Chapter 12 Icing or no icing
Most people came to my office or our school clinic because they are suffering from pain. IN our society, pain killer and icing seem to dominate the choice of therapy. Icing seems to be the golden rule of thumb for pain management. I had to admit it, I did that too long time ago. When my son jammed his finger playing balls at the age of 6. I had him immerse his swollen thumb in the ice water cup even when he fell asleep with head resting on the dinner table. That was 25 years ago; I was a senior scientist developing medical devices. I knew of nothing about acupuncture. If it were today, just one needle and some moxa, he would be good as new in no time.
Icing has an important place in the pain management- right after trauma. It is beneficial, depending on the severity of the trauma, up to several hours... Beyond that the benefit of icing should be very carefully evaluated. In my experience, it does a lot of bad thing for the patient.
Case in point, a 15 years old son of a patient wanted to know whether I could treat her son’s swollen ankle which had been bothering him for two years. He got sprained ankle in the soccer. After the incident he was treated by a medical doctor and went through a course of physical therapy and discharged. Two years later, he still walked with slightly distorted foot apparently due to pain. His left ankle was swollen laterally over ankle bone.
The mother did not seem to believe me when I told her that with acupuncture; sprained ankle needed only one to two treatments to resolve 80-90 percent of problem. I used Infrared lamp on his problem ankle for 20 minute, followed by a few acupuncture needle insertion. The main acupuncture points were LI10, Lv7 and Lv 8 on the same side of his affected ankle. Frequently, I asked him to flex the ankle.
After the treatment was finished, the swelling was 50 % smaller, the pain was almost 90% reduced. After a couple more times of treatments, he started dancing with no difficulty.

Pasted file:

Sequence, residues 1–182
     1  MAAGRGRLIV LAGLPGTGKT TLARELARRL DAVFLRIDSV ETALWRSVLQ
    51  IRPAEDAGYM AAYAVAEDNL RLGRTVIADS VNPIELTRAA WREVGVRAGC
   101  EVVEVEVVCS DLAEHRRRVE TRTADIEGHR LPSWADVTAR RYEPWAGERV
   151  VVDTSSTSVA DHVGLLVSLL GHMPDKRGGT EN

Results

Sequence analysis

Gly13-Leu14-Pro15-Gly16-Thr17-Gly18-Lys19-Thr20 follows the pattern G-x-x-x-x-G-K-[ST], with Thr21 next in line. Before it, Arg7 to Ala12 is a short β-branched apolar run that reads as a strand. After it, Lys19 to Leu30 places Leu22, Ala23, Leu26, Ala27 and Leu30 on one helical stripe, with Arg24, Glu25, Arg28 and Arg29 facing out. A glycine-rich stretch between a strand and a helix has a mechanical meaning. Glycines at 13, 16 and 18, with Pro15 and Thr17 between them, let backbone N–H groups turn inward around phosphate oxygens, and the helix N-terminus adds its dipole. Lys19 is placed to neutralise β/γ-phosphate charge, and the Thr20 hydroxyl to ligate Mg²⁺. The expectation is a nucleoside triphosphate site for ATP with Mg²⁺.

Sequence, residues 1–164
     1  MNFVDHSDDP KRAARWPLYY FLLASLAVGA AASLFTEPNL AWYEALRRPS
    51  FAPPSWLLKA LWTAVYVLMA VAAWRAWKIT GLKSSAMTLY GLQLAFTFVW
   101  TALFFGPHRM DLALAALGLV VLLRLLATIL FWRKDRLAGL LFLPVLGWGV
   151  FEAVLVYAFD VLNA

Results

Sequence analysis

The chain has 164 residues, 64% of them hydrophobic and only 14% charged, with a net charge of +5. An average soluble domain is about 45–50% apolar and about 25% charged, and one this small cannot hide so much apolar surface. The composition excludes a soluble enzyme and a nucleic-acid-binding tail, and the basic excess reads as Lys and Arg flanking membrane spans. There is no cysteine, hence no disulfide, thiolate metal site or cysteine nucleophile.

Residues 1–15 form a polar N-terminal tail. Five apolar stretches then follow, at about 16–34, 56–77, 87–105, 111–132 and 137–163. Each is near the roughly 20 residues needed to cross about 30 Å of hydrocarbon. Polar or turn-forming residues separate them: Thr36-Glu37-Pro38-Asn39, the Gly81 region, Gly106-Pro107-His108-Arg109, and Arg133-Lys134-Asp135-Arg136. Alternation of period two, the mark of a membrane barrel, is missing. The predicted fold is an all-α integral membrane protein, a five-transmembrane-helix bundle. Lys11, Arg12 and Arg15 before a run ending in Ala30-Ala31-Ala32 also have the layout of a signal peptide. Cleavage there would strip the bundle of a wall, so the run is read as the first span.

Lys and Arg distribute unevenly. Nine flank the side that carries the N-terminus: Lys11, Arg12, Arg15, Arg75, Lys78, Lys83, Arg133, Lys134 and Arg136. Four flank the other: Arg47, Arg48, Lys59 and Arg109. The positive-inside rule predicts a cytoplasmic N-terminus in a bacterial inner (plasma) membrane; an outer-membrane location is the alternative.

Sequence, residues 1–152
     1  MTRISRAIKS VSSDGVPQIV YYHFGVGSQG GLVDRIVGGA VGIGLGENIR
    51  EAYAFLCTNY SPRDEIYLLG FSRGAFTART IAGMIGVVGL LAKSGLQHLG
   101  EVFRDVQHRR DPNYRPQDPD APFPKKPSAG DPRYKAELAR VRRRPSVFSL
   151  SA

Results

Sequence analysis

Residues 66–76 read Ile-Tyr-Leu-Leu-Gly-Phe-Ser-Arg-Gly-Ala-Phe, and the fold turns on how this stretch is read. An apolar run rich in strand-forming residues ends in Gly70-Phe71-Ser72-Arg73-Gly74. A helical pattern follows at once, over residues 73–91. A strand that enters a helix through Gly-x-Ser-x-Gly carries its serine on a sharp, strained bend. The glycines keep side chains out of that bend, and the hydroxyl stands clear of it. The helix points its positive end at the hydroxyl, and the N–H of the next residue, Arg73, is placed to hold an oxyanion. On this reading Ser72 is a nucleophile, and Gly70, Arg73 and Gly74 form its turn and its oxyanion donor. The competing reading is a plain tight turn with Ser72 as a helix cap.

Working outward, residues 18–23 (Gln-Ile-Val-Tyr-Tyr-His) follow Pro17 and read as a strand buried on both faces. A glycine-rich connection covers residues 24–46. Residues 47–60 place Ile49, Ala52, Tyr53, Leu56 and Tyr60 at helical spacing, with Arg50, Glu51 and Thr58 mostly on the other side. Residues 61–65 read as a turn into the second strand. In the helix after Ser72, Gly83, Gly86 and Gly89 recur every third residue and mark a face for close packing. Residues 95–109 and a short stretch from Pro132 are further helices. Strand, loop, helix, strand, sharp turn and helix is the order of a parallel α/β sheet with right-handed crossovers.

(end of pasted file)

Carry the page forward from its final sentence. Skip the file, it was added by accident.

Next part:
The key reason for his prolonged ankle pain was icing. His mom was very meticulous in following doctor’s order, religiously icing his ankle, like daily ritual after his physical therapy had ended. I told her not to do it any more at home, instead, to the extent possible, use heat pack on the ankle daily.
This is not an isolated case. On the contrary, the practice of icing is so universally accepted that it became the first thing I discuss with patients with pain issues. I emphasize this practice in the school clinic that my students would automatically educate the clinic patients not using ice- not on the ankle, not on the back, not on the neck, not on the heat. Not on any place on the body.
Why not icing, after-all, isn’t true that doctors routinely prescribe icing to their patient after surgery or after trauma- the triad ICE ( ice, compress and elevation) is well established as rule of thumb for tending traumatic injury.
It is absolutely true and necessary in such situations. The purpose is to reduce the blood flow to the affected area preventing it from swelling. Everybody knows that tourniquet has saved many of our soldier’s life by stopping the blood loss. But because the blood flow is stopped, they often lost their limbs by amputation.
Although, not as severe to the body’s health, icing does reduce the blood flow to the affected part of the body and likewise jeopardize body’s ability to heal itself. So, it is very important to stop icing as soon as possible such as a few hours. Beyond which, continuing icing is not helpful and actually hinder the resolution of swelling. Heat therapy should be started.
One argument for icing is for pain control. Some people have severe pain and doctors can’t heal them. With icing, they feel less pain. This includes headache, back pain. This is understandable but not a good strategy. The best advice I will give is to seek effective doctors. Remember, ice never heals. Body does. Blood circulation does.